Higher education is glutted with courses, many of which are marginal or associated with arcane, duplicative or
outdated subjects. That is at the heart of tuition increases, student debt, budget shortfalls, legislative distrust, poor
adjunct pay and too few tenured or tenure-eligible professors at typical colleges and universities.
The number of students with disability in higher education is increasing. National data reveal differences in the retention and success of these students across Australian higher education institutions but the reasons for this are not clear. The overarching aim of this study was to explore the relationship between supports and university adjustment for students with disability, and their retention and success.
The focus of this project is on the assessment of transferable skills, and specifically resilience. Resilience has been defined as “the capacity of the person, family, or community to prevent, minimize, overcome, or thrive in spite of negative or challenging circumstances” (Wagnild & Young, 1993). In this report, Social Research and Demonstration Corporation (SRDC) investigates the most appropriate measures to assess resilience as a learning outcome of Ontario’s postsecondary education (PSE) system. The long-term aim is to support the Higher Education Quality Council of Ontario (HEQCO) in its efforts to determine the role of PSE in enhancing resilience as a transferable skill.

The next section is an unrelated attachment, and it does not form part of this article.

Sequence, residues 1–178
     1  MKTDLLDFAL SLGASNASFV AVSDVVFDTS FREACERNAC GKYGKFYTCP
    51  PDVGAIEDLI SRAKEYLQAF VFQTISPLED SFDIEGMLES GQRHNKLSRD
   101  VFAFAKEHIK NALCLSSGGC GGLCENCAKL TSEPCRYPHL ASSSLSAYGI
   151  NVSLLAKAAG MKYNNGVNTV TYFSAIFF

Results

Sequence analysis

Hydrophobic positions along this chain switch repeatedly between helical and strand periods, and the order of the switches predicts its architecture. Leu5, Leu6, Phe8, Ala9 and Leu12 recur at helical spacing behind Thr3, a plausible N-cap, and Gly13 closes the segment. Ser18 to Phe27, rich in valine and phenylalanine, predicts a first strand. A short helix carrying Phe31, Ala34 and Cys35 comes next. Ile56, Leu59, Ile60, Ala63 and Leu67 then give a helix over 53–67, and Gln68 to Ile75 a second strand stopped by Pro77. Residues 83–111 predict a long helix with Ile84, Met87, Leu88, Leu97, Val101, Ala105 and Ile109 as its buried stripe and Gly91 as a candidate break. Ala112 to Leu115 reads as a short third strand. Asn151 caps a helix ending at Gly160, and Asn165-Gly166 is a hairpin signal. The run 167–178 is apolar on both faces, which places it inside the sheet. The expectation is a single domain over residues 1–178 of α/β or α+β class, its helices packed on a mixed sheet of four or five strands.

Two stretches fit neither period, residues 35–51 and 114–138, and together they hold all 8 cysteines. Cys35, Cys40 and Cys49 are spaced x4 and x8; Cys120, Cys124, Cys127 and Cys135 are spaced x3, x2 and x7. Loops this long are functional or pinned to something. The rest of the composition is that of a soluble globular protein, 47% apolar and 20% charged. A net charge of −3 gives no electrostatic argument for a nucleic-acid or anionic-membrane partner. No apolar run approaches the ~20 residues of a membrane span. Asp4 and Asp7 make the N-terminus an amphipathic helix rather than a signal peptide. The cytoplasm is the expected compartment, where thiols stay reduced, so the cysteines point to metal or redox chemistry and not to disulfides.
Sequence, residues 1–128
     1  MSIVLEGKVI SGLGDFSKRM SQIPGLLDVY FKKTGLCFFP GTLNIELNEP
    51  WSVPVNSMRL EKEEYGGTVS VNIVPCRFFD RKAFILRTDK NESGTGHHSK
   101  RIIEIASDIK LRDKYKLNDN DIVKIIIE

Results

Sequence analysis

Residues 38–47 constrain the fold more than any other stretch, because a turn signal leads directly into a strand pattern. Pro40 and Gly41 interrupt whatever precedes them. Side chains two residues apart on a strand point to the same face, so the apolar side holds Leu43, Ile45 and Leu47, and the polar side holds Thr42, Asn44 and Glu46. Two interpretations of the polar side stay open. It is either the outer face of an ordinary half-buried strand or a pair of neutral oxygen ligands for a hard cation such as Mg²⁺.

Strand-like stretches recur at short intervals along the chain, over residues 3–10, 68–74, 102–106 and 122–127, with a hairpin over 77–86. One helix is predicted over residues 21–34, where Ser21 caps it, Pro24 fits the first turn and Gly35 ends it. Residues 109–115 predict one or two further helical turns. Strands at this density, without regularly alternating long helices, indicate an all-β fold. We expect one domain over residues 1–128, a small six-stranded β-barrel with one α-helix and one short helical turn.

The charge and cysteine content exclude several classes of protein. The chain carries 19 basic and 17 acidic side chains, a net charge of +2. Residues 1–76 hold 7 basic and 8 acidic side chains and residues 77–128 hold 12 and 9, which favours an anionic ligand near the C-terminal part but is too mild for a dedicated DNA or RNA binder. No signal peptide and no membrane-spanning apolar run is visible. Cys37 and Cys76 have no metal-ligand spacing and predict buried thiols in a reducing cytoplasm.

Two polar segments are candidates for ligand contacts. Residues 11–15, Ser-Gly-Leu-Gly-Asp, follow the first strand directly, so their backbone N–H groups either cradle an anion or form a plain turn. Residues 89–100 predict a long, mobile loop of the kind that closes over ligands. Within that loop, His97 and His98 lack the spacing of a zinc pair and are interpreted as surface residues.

Universities that set up shop globally should work to uphold principles such as academic freedom, gender equity and freedom of speech -- but they sometimes compromise, scholars argue.
As sites of work-force development, community colleges must be responsive to the demands of the rapidly changing job market. Now, many community-college systems are turning to job-market data that are more up to date and more precise than ever before.